Archive for Wednesday, June 6, 2001

Beekeepers meet for first time in Tonganoxie

June 6, 2001

Steve Tipton lost his queen and didn't know where to find her.

But after a short search, the queen bee was located.

Tipton and about 50 other beekeepers met Saturday for the annual meeting of the Northeast Kansas Beekeepers Association, held at the Leavenworth County Fairgrounds.

Orley "Chip" Taylor, right, helps youth understand the intricacies
of beekeeping on Saturday at Leavenworth County Fairgrounds in
Tonganoxie. For more about Taylor's work, see page 5B.

Orley "Chip" Taylor, right, helps youth understand the intricacies of beekeeping on Saturday at Leavenworth County Fairgrounds in Tonganoxie. For more about Taylor's work, see page 5B.

Some of the beekeepers brought their children and grandchildren, who also learned more about bees. As the youths donned hats, veils and gloves and neared an apiary, Chip Taylor, University of Kansas professor of entomology, lifted the lid and smoked the inside. Then, as he scooped up bees and held them in his bare hands, he talked to the children about how to handle and care for bees.

Tyler Marteney, 5, came to the meeting with his grandfather, Richard Marteney, a beekeeper for 18 years.

Tyler wore a beekeepers hat and veil, as well as a white smock complete with long elastic cuffs and leather gloves.

Tyler said he likes to help his grandfather with the bees.

"I smoke them," Tyler said. "I puff it in the front and I keep it burning and the bees go inside their houses."

One of those attending, Merle Schneck, Bonner Springs, said he started beekeeping last year after finding a swarm in his garage attic.

"We had an old-time beekeeper come out and we cut a hole in the ceiling, then we took the cone and put it in an empty frame," Schneck said. "As we collected the bees, we shook them into the box and they stayed."

Steve and Becky Tipton, Meriden, have been beekeepers for 10 years. Each year, their hives will each produce from 75 to 100 pounds of honey, depending on the weather.

"Beekeeping is an agri-business," Becky Tipton said. "And like with all agri-businesses, the weather does make a difference. If there's no rain, there's no flowers and no honey."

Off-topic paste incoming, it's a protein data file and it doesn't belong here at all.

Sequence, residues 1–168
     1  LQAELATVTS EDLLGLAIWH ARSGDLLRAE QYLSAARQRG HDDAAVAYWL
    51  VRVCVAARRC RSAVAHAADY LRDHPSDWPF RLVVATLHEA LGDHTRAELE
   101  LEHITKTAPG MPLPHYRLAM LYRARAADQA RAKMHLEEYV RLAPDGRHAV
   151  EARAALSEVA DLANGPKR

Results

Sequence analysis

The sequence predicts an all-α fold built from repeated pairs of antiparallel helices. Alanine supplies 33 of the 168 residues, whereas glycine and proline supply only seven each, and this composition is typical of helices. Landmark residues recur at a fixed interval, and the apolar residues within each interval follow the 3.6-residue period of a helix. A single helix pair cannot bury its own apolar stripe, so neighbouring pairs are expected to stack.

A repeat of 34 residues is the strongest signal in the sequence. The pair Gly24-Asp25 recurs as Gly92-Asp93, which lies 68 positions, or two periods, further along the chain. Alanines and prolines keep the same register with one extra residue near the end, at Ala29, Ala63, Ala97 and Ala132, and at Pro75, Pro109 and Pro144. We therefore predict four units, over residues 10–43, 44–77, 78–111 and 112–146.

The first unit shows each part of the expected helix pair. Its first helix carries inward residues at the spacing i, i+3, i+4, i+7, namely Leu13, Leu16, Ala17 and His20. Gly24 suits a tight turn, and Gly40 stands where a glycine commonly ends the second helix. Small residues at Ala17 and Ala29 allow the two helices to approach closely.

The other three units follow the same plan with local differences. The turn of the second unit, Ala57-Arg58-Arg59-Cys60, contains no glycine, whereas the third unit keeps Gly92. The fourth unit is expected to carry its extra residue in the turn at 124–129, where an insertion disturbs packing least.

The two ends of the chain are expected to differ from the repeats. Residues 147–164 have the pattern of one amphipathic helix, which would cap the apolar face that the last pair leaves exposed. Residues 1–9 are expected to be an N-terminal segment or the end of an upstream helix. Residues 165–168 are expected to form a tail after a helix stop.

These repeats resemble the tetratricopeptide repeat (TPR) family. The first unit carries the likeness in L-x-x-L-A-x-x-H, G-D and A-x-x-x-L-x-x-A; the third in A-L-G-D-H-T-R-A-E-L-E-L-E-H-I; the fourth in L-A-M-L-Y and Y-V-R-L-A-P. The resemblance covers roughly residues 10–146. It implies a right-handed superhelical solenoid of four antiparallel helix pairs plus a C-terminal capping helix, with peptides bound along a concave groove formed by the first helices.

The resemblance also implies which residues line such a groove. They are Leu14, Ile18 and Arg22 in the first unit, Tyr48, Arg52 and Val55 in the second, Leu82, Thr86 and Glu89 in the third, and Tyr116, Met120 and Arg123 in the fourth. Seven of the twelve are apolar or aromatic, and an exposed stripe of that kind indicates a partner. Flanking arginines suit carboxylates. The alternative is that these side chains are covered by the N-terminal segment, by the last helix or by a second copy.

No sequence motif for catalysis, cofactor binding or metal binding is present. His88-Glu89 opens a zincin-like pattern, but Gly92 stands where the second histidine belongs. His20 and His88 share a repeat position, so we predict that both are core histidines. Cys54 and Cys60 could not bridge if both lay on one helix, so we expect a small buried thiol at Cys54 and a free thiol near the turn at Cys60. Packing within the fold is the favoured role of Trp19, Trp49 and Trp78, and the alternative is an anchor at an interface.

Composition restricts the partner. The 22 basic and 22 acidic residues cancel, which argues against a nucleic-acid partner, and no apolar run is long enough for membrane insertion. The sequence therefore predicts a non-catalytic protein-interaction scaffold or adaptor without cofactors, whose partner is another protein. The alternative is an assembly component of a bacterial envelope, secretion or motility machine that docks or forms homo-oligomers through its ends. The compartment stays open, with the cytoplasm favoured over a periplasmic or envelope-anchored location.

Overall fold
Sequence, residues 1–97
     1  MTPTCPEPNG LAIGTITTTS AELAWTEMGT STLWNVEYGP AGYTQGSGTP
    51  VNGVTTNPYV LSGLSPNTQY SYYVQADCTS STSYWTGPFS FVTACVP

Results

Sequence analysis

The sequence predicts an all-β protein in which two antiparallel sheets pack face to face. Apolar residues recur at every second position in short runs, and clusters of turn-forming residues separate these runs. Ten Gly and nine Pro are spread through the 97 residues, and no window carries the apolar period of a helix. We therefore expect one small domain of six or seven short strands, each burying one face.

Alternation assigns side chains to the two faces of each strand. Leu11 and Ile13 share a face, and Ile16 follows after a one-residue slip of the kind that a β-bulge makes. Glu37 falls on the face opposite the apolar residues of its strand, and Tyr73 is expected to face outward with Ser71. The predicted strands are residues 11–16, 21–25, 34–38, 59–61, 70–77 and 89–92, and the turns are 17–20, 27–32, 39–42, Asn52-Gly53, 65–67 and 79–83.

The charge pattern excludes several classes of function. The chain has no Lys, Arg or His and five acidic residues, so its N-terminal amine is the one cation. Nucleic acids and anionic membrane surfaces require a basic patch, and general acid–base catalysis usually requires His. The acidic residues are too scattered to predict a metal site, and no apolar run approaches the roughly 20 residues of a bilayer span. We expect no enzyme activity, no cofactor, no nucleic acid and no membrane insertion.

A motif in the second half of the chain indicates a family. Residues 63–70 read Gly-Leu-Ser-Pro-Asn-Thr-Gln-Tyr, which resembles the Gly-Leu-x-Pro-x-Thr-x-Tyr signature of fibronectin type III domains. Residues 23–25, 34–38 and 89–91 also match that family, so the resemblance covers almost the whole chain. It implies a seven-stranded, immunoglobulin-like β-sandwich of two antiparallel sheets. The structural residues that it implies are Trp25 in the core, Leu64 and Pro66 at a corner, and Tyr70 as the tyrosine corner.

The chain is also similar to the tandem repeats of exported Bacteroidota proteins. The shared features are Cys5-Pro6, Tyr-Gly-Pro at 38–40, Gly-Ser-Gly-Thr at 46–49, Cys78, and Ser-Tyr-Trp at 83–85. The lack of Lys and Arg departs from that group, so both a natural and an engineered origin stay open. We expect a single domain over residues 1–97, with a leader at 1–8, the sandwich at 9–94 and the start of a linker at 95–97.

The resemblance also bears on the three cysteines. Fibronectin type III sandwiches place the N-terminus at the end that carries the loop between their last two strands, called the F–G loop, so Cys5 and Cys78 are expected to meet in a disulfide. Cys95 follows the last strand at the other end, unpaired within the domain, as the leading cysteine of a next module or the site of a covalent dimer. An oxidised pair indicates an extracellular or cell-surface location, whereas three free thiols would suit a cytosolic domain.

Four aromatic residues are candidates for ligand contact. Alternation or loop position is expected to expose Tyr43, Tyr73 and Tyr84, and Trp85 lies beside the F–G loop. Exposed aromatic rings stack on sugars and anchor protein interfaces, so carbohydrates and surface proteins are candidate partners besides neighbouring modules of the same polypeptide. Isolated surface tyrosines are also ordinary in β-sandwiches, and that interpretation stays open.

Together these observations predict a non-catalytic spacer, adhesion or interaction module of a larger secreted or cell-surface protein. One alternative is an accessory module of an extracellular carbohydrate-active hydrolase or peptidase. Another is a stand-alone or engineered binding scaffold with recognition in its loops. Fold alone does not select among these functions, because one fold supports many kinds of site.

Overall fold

Steve Vernon, Tonganoxie, is a second-year beekeeper. He started last year with two hives, added more, and then lost three to the cold winter.

His honey crop produced 200 pounds last year.

"I have four new hives this year and I look to buying a few more hives next year if I can find a place to put them," Vernon said. The best location would be near crops that bloom, he said.

Cecil Sweeney, Olathe, owns a business that caters to beekeepers. Mid Continent Agri Marketing sells beekeeping supplies, as well as candlemaking supplies.

He also is a beekeeper.

"It's just an interest in nature," Sweeney said. "Bees have a fascinating social structure it's interesting how the bees all work together as one unit for the benefit of the hive. One individual bee can't survive on its own."

Except for the queen bees, who may live as long as five years, the lives of bees are short.

Within three weeks, the insects have run the gamut of hive jobs, including, cleaning cells, feeding the larvae, disposing of the dead, transporting food and guarding the hive. At three weeks they start to gather nectar. And at six weeks, they die.

"They work themselves to death," Sweeney said.

In recent years, bee populations have declined, Steve Tipton said, attributing the drop to the varroa mite.

"Because of the varroa mite, our feral bee population is practically nonexistent," he added. "This is serious, because a third of our diet is

dependent on insect pollination."

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